Within a matter of months, the U.S. government seems likely to become the only nation in the world still rejecting the 1989 UN Convention on the Rights of the Child. Sometimes called "the most ratified human rights treaty in history," the Convention has been ratified by 195 nations, leaving the United States and South Sudan as the only holdouts. South Sudan is expected to move forward with ratification later this year. But there is no indication that the United States will approve this children's defense treaty.
In the words of Human Rights Watch, the Convention establishes "global standards to ensure the protection, survival, and development of all children, without discrimination. Countries that ratify the treaty pledge to protect children from economic and sexual exploitation, violence, and other forms of abuse, and to advance the rights of children to education, health care, and a decent standard of living."
It is hard to imagine why the U.S. government, which often lectures other countries about their human rights violations, should object to these humane standards for the protection of children. The administrations of Ronald Reagan and George H.W. Bush played an important role in drafting the treaty, which was signed by the U.S. government in 1995. Although the U.S. Senate has never ratified (or even considered ratifying) the pact, U.S. ratification is endorsed by the American Academy of Pediatrics, the American Association of University Women, the American Baptist Churches, the American Bar Association, the Catholic Health Association of the United States, the Child Welfare League of America, Church Women United, the Evangelical Lutheran Church of America, the General Federation of Women's Clubs, Kiwanis, the National Education Association, the United Food & Commercial Workers, the United Methodist Church, and about a hundred other organizations.
What, then, is the problem? The problem is that treaty ratification requires support from two-thirds of the U.S. Senate―a level of support that has been lacking thanks to Republican Party opposition and, especially, the fierce hostility of the conservative Republican base, including groups like the Christian Coalition, the Family Research Council, Focus on the Family, and the John Birch Society.
A key allegation of conservatives is that the Convention "poses a serious threat to parental rights." In fact, though, as Human Rights Watch observes, the treaty "refers repeatedly to the rights and responsibilities of parents to raise and provide guidance for their children." Indeed, 19 articles of the treaty explicitly recognize the importance of parents and family in children's lives.
In addition, conservatives argue that the Convention, as an international treaty, would override the Constitution of the United States, as well as federal and state legislation, thereby destroying American sovereignty. And, in fairness to the critics, it must be acknowledged that some current American laws do clash with the Convention's child protection features. For example, in the United States, children under the age of 18 can be jailed for life, with no possibility of parole. Also, as Human Rights Watch notes, "exemptions in U.S. child labor laws allow children as young as 12 to be put to work in agriculture for long hours and under dangerous conditions." Moreover, the treaty prohibits cruel and degrading punishment of children―a possible source of challenge to the one-third of U.S. states that still allow corporal punishment in their schools. But most U.S. laws are thoroughly in line with the Convention.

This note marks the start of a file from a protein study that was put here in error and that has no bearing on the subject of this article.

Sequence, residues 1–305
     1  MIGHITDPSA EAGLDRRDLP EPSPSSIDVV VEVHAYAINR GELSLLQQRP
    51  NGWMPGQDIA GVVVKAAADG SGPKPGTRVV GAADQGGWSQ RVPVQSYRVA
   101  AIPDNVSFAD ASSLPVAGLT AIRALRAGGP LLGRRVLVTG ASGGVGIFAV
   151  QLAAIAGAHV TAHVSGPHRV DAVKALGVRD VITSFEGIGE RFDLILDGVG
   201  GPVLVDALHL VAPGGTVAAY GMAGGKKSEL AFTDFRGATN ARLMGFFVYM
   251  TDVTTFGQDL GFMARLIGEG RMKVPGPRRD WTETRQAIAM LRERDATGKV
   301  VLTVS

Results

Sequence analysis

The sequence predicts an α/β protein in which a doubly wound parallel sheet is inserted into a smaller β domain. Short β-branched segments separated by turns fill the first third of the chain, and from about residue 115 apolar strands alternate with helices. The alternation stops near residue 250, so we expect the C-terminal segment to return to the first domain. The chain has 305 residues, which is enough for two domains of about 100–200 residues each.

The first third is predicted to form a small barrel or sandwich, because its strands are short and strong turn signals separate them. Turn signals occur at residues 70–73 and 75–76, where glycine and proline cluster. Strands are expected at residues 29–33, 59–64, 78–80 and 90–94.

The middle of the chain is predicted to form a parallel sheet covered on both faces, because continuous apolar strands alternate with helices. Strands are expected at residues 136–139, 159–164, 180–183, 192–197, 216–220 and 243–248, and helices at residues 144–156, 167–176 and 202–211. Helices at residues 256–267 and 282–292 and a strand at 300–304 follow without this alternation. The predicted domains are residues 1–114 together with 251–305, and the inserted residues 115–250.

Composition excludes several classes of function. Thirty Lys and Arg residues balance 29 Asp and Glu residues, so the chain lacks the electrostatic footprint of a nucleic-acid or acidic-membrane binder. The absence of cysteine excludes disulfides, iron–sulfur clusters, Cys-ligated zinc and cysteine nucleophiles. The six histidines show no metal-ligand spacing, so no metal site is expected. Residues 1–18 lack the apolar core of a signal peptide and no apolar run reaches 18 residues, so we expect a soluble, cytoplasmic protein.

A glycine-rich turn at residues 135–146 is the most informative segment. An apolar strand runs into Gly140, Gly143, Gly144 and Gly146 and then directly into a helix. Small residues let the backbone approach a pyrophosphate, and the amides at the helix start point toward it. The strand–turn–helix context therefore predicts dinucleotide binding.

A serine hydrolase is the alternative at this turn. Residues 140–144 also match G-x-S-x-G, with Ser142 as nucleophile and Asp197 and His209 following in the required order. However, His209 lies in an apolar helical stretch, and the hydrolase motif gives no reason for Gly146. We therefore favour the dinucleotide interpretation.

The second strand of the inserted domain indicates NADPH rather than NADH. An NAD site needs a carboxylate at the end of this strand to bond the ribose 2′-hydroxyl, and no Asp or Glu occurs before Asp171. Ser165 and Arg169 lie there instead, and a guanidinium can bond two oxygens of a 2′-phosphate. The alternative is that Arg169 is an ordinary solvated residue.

Perhaps the underlying objection of conservatives is that the Convention calls for government action to promote the health, education, and welfare of children. And conservatives oppose such action for everyone, including children, often quite effectively. Thus, despite America's vast wealth, it ranks near the bottom of industrialized nations in child poverty (one out of six children), the gap between rich and poor, low birth weight, infant mortality, child victims of gun violence, and the number of children in jail.
Given the conservative opposition to the Convention, it is ironic that, even if it were ratified by the U.S. Senate, it would have little immediate impact upon the United States. As Amnesty International points out, "the Convention contains no controlling language or mandates," and "no treaty can `override' our Constitution." Any changes in U.S. law would be implemented through federal and state legislation in a timeframe determined by the U.S. legislative process. Nor would any changes in American laws necessarily occur, for the U.S. government generally ratifies human rights treaties with the qualification that they not override existing American laws. In addition, "the United States can reject or attach clarifying language to any specific provision of the Convention."
Even so, U.S. ratification of the Convention on the Rights of the Child would have an important effect on the treatment of children in the United States, just as the ratification of the Convention has affected behavior in other lands, for it would establish agreed-upon guidelines. Like other human rights treaties, the Convention would set humane standards that can be invoked in calling for appropriate government action. Kul Chandra Gautam, a former Assistant Secretary General of the United Nations, has termed it "a moral compass, a framework of accountability against which all societies can assess their treatment of the new generations."
Praising the treaty, Anthony Lake, UNICEF Executive Director and a former White House National Security Advisor, stated recently: "The central message of the Convention is that every child deserves a fair start in life. What can be more important than that?"
Unfortunately, some Americans don't think giving children "a fair start in life" is important at all.